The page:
I did note that my 1000uF HF electrolytic caps on the gate drive boards seems to be running about 4C over air temp... Maybe the lamp was too close or something, but I'll watch them incase there is an issue there.

So the problems are as expected but I seem to have full control over them. I don't know where to "set" anything to deal with them though... But I'll figure it out ;-)) I just got 32 more IGBTs buy UPS today "if" I mess up :o))) Tonight's stuff was just all low power battery stuff, so maybe it will get more interesting still :o))) But the test results so far are A++++



At 08:21 PM 1/21/2005, Terry Fritz wrote:
Hi All,

Tonight I ran everything on the bench just off four 9V batteries to check operation:


It all worked pretty much just as expected. Here is the output at 40kHz and 300kHz:



I have the dead times set really high and the load is only a 1k ohm resistor so things look a little odd, but this does verify remote control to bridge output operation. Yea!!

Interesting to look at the IGBT turn on and off times:


The turn on is super fast! You can see the blip at about 10V where the doping regions are tearing themselves on! The load is trivial here, but that will have to be slowed down or the IGBTs will tear themselves apart under a real load. Just a trivial bigger gate resistor... Turn on is rather dull since with such a low load you are just seeing the output capacitance and the output MOV discharge curve. A little cross conduction would fix that >:o)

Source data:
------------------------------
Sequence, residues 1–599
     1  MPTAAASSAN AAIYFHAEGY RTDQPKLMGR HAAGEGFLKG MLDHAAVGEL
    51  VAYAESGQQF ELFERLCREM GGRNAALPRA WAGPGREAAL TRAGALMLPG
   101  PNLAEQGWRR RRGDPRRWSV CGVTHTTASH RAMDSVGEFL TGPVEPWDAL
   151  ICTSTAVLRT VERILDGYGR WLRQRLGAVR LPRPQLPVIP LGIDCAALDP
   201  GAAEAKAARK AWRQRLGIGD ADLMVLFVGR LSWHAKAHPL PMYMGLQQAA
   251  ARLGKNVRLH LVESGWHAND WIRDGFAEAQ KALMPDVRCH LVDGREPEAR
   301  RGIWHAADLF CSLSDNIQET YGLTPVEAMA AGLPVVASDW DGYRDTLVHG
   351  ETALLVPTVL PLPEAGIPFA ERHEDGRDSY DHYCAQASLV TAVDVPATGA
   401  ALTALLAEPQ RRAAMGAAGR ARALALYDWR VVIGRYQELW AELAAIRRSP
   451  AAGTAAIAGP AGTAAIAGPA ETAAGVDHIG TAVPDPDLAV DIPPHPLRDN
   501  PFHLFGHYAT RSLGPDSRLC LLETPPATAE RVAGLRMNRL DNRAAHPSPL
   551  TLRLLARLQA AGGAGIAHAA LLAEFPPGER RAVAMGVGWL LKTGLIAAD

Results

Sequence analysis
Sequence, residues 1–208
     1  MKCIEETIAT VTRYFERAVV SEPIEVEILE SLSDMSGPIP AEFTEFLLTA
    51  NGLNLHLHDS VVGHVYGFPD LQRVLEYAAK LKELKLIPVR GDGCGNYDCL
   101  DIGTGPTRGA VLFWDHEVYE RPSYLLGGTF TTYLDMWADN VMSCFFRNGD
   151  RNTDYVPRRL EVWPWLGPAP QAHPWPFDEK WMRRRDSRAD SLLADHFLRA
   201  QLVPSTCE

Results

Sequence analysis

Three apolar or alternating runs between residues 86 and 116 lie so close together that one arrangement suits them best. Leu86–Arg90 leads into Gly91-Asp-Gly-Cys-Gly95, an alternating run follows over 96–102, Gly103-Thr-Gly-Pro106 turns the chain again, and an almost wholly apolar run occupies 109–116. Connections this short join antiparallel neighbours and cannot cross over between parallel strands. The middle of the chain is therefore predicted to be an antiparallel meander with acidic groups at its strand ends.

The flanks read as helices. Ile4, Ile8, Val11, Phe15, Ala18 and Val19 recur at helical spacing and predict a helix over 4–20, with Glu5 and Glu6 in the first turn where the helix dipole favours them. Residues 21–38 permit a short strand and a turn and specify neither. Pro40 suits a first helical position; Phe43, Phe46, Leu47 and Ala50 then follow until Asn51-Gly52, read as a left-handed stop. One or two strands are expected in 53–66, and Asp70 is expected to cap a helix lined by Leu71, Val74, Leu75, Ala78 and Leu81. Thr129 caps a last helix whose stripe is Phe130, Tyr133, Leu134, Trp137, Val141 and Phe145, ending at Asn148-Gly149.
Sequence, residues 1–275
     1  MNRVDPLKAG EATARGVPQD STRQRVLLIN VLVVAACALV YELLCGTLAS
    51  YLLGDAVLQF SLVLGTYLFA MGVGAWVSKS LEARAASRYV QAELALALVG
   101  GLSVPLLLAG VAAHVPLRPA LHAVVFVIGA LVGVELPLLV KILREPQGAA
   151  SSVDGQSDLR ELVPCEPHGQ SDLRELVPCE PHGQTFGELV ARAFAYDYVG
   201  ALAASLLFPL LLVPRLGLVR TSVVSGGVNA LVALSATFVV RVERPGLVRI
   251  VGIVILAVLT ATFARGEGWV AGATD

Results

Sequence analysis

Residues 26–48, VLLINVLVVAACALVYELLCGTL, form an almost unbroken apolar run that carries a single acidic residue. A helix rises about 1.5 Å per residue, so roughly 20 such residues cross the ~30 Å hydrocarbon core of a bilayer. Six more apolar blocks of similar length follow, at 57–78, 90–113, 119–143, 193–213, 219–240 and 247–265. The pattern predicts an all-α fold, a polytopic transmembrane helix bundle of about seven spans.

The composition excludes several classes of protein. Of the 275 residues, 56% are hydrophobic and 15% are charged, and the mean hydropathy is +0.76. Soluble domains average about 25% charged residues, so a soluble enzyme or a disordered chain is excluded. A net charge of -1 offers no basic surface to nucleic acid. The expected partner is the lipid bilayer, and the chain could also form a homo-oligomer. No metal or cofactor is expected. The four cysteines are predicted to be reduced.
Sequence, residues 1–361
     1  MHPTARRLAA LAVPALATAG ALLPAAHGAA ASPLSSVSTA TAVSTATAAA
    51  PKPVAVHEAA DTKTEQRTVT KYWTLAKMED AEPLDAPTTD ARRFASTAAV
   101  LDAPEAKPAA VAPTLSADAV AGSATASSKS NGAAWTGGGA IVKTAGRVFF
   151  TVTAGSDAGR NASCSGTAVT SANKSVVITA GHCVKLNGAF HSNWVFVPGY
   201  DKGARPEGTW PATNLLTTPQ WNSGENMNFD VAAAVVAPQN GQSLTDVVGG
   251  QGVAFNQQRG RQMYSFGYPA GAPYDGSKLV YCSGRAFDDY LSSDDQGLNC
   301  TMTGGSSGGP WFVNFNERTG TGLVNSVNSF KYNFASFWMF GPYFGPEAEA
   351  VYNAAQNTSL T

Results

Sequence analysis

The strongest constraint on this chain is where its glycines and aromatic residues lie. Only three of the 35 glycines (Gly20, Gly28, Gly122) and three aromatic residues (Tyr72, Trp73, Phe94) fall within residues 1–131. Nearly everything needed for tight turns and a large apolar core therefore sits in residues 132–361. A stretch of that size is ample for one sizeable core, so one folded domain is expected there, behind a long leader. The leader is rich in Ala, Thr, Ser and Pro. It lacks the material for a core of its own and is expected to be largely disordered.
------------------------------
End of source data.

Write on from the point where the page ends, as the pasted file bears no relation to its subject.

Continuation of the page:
Look at the gates!!


The "pumped" TLP250's and the opto-isolated floating gate drivers have no problem at all pushing the gates! Infact, they drive "too" fast... Again, more gate drive resistance will slow that to a tame speed. Not sure what the bonus down spike is on the turn off... Might be due to the drive power supplies floating or inductance. It only helps here ;-) Since I am just running off batteries, the gate drive signals here are far less than the actual 27V drives:


So I need to tighten the dead time and play with gate drive resistance. A few more measurements and then I will start bolting it all into the box!

Interesting that Antonio found that the freewheeling thing did not seem to help much. The added electronics to do that is pretty complex and I will not miss it ;-))

Steve Ward's data and experiments were really exciting!!! With 27V of gate drive I can run pretty high currents at high speed ;-)) I was planning on running very low currents and slow (the exact opposite), but it can run just about anything...

Steve Conner's PLL circuit is really cool too! I think one would have to preset the free running frequency pretty close to Fo so it could sync and lock in "really fast" (only have 10 cycles according to Steve Ward). I think the start up would also have to be synced with the free running oscillator too so the very first turn-ons start together so the PLL error signals get off to a good start.

I am still looking into getting those MMC cap PC boards. Not too many people want them so it is sort of on the edge. I think I can drop the order to 16 and still get them for like $37 which might be just right.